Mandaue Chamber of Commerce project finalist in Italy world congress

caption: Editha Bonghanoy found P600 among trash at the Umapad dumpsite in Mandaue City. The amount enabled her to start a food business.

by Maria Eleanor E. Valeros, #CebuBloggingCommunity

CEBU CITY, PHILIPPINES — Women in Need, Now Entrepreneurs and Rolemodels or WINNERS made it as a finalist to the 9th World Chambers Congress in Torino, Italy picked from 79 applications of 39 countries.

In an electronic correspondence, Alexandra Jercaianu, project officer of International Chambers of Commerce – World Chambers Federation in Paris, France congratulated the Mandaue Chamber of Commerce and Industry as WINNERS has been “selected as a finalist in the Best Non-Conventional Project category.”

A record number of 79 applications from 39 countries were received for the 2015 World Chambers Competition and that the full list of finalists in the said category are: Stavanger Chamber of Commerce and Industry (Norway), Chamber of Commerce of Zaragoza (Spain), Calgary Chamber of Commerce (Canada), and Mandaue Chamber of Commerce and Industry (Philippines).

According to WINNERS project chairperson Ms. Carmel de Pio-Salvador, the chamber will be joining other finalists in front of WCF’s panel of international judges for a live presentation at the 9th World Chambers Congress from June 10 to 12, 2015 whereby a Q&A session will tackle the innovative nature of the project, the impact of the project on the chamber and or the business community; measurable outcomes (financial, business and job creation, participation rates, membership recruitment, people involvement); the relevance of the program in the target category, as well as potential for the project to be successfully adopted by other chambers of commerce throughout the world.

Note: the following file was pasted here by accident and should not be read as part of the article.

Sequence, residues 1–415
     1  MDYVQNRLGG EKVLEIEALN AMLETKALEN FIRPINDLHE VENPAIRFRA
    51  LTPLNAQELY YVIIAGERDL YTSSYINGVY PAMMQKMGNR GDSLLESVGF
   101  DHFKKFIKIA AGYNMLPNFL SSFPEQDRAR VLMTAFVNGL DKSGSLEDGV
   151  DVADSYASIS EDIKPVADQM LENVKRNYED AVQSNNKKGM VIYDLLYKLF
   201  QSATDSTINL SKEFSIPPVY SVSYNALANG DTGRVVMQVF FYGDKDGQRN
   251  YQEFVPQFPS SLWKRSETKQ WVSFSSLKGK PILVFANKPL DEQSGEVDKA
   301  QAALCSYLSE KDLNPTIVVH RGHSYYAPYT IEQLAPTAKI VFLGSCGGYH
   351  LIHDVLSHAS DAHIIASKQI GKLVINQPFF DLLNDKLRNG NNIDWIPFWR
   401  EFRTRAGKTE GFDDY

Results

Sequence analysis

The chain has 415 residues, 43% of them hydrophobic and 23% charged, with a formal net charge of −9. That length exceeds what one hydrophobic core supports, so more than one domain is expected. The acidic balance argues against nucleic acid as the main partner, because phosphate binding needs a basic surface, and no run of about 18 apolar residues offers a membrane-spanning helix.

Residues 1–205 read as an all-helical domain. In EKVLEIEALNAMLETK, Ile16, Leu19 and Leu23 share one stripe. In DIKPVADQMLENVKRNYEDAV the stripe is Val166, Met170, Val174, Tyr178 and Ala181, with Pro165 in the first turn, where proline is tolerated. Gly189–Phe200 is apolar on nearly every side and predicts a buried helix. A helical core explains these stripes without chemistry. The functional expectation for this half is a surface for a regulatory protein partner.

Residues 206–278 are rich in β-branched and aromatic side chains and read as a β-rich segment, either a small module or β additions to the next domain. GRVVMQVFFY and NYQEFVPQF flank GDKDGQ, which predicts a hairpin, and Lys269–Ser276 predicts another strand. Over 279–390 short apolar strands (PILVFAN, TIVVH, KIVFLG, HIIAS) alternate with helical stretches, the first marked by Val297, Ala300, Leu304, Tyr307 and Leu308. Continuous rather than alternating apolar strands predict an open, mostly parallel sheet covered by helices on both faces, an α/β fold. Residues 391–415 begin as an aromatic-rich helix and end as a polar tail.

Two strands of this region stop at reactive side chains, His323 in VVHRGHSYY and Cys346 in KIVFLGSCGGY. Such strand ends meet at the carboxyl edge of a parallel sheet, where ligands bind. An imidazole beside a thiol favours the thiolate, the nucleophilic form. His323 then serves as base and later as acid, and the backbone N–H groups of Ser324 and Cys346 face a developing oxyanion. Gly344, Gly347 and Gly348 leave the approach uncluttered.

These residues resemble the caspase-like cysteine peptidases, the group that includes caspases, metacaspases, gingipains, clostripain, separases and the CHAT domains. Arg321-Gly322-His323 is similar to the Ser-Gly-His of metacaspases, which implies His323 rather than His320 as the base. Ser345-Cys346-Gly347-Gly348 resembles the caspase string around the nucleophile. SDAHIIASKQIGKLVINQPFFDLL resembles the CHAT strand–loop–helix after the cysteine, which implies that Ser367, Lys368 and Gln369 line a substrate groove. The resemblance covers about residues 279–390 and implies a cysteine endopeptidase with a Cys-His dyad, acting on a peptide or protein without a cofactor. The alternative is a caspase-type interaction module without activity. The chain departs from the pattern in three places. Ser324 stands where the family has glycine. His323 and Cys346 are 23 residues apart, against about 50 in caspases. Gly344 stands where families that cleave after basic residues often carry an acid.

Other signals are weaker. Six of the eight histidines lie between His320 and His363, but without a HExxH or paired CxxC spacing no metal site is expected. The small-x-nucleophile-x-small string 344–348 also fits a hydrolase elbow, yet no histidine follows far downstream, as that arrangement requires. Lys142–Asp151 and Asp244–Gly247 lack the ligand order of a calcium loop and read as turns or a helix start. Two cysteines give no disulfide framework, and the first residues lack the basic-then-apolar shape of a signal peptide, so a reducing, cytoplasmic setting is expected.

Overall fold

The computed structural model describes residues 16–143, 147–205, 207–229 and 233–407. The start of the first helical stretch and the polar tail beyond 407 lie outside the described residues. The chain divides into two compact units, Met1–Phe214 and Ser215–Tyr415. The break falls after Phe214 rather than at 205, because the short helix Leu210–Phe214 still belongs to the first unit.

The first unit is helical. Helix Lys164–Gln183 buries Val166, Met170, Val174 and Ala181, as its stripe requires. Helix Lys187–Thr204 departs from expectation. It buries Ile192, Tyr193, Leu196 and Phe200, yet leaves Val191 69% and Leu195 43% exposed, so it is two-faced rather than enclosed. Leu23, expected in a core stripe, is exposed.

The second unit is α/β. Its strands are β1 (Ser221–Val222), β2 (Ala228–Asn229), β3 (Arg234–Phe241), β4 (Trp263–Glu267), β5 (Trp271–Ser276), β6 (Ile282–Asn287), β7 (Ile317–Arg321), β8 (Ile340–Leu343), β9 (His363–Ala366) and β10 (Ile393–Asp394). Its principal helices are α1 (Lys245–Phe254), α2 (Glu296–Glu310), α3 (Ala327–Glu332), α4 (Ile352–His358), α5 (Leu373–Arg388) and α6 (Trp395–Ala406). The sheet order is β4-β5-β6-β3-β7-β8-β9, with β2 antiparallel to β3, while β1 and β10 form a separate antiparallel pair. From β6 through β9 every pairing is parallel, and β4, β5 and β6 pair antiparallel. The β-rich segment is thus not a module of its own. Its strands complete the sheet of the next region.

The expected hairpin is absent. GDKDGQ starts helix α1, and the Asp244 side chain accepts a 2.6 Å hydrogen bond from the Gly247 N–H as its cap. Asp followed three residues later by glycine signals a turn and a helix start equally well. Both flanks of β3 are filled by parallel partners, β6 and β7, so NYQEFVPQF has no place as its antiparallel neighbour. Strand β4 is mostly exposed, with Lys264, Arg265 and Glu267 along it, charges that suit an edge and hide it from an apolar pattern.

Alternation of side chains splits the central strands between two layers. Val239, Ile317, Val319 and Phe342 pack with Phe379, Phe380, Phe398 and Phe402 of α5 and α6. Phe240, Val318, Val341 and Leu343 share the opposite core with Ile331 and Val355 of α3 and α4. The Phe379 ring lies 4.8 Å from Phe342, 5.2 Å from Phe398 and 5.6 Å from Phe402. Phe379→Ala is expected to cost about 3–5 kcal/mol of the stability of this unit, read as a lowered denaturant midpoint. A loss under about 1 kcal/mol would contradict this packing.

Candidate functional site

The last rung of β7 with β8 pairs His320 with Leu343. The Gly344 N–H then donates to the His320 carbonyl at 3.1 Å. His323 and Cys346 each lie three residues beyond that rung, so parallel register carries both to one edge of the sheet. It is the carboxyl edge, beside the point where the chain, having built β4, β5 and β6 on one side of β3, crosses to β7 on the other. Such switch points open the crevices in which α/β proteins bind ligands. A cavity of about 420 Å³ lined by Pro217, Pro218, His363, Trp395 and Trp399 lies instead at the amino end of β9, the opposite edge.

The “Search for WINNERS” was launched on July 26, 2011 at the Benedicto College Campus in Mandaue City. Now on its fifth season, the project is MCCI’s quest for model women micro-entrepreneurs from Mandaue City who are supporting their families and are struggling to rise from abject poverty through their business ventures. Their stories of perseverance and creativity, integrity and strength of character are to inspire other women to be empowered, says de Pio-Salvador.

Community development leaders validate the competence of these micro-entrepreneurs to represent barangays of Mandaue City. The finalists go through Basic Entrepreneurial Skills Training, Basic Banking, Formulation or Structuring of Business Plans, Personality Development, as well as Sponsors Tour wherein they gather more insights and perspectives in other traders’ business ventures.